When someone from Britain speaks, Americans hear a "British accent"...

Dave Hansen iddw at hotmail.com
Fri Oct 7 23:29:44 CEST 2005

On Fri, 07 Oct 2005 21:44:29 +0100, Steve Holden <steve at holdenweb.com>

>Terry Hancock wrote:
>> On Friday 07 October 2005 03:01 am, Steve Holden wrote:
>>>OK, so how do you account for the execresence "That will give you a 
>>>savings of 20%", which usage is common in America?
>> In America, anyway, "savings" is a collective abstract noun 
>> (like "physics" or "mechanics"), there's no such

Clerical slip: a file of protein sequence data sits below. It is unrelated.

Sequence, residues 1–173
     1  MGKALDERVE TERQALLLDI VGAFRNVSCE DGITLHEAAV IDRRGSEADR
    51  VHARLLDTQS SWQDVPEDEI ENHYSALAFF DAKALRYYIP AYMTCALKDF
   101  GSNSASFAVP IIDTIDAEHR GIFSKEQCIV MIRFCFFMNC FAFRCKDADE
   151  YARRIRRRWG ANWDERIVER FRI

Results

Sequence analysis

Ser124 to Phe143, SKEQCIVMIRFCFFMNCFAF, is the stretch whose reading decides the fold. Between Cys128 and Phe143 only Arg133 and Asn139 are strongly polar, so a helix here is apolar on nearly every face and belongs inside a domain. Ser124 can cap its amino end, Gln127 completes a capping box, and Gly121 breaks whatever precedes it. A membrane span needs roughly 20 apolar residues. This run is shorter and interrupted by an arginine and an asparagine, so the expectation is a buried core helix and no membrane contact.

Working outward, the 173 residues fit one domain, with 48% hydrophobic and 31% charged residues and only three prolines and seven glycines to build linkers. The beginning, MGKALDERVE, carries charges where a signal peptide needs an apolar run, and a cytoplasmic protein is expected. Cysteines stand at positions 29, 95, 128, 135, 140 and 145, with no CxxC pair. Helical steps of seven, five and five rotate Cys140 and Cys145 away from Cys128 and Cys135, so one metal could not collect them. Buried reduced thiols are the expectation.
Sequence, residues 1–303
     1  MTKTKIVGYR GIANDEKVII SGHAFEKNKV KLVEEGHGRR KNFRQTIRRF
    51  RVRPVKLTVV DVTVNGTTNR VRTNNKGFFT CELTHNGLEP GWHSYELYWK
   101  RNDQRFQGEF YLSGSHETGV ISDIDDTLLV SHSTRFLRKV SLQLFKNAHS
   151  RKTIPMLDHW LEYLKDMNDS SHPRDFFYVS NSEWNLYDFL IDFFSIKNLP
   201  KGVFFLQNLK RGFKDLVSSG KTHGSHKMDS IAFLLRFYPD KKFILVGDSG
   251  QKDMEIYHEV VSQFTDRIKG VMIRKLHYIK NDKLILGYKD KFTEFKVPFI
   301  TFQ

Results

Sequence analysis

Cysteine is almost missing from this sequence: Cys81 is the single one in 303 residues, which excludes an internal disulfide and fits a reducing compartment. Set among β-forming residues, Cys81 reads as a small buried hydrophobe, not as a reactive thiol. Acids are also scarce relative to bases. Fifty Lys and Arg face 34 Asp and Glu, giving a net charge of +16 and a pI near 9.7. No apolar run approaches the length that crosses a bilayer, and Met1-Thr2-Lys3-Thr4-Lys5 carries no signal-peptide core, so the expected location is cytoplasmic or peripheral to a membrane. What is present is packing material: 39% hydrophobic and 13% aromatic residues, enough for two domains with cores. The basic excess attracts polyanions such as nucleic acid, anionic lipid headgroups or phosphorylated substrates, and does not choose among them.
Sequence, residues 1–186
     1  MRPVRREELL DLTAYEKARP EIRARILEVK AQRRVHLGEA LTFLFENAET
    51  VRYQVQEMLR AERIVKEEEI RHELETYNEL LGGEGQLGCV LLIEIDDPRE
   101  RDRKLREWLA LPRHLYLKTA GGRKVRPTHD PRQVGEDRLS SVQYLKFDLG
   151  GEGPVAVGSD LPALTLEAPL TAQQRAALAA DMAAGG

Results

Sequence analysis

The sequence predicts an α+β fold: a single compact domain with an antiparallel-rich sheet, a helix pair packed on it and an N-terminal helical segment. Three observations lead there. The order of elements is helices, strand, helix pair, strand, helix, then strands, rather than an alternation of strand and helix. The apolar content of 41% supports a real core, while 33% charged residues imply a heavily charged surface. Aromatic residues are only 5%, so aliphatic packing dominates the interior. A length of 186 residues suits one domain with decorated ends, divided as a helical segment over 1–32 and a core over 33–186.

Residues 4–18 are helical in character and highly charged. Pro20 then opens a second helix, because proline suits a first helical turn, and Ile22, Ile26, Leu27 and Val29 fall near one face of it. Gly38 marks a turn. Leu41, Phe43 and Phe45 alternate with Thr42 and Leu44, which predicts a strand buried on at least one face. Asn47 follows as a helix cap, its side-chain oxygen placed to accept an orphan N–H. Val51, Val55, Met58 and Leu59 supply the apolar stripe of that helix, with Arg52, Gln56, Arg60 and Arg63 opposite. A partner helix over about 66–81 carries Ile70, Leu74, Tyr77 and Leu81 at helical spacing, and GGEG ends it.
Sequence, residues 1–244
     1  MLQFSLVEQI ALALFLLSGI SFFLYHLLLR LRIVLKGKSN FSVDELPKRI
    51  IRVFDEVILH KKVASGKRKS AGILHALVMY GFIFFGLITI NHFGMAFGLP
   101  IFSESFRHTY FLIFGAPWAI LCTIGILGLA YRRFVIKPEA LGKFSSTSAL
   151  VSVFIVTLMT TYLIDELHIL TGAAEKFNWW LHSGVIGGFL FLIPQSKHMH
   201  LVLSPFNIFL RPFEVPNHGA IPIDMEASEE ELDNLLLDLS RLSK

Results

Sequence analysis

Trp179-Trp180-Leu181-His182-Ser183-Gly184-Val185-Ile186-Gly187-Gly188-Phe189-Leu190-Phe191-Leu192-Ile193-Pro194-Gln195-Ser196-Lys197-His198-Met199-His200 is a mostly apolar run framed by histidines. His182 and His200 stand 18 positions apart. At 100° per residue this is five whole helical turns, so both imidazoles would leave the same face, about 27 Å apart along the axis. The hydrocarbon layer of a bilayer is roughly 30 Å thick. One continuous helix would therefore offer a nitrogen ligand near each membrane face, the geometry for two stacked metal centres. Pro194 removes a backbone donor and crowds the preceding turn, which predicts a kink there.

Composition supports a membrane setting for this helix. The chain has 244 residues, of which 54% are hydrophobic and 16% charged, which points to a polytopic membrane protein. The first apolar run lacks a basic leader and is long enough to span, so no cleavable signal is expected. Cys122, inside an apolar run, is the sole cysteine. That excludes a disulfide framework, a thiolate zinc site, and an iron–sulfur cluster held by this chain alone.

>> noun as "saving" (that's present participle of "to save"
>> only).  How did you expect that sentence to be rendered?
>> Why is it an "execresence"?
>Precisely because there *is* such a thing as a saving. If I buy a $100 
>gumball for $80 I have achieved a saving of 20%.

FWIW, my dictionary has a usage note: 

   /Savings/ (plural noun) is not preceded by the singular /a/, except
   loosely:"The price represents a savings (properly /saving/) of ten
   dollars."  In the foregoing, considered as an example in writing,
   /savings/ is unacceptable to 89 per cent the Usage Panel.

(Words enclosed in /slashes/ represent italics.)

The dictionary? "The American Heritage Dictionary of the English
Language, New College Edition."

Still sounds wrong to me, though.

Change is inevitable, progress is not.

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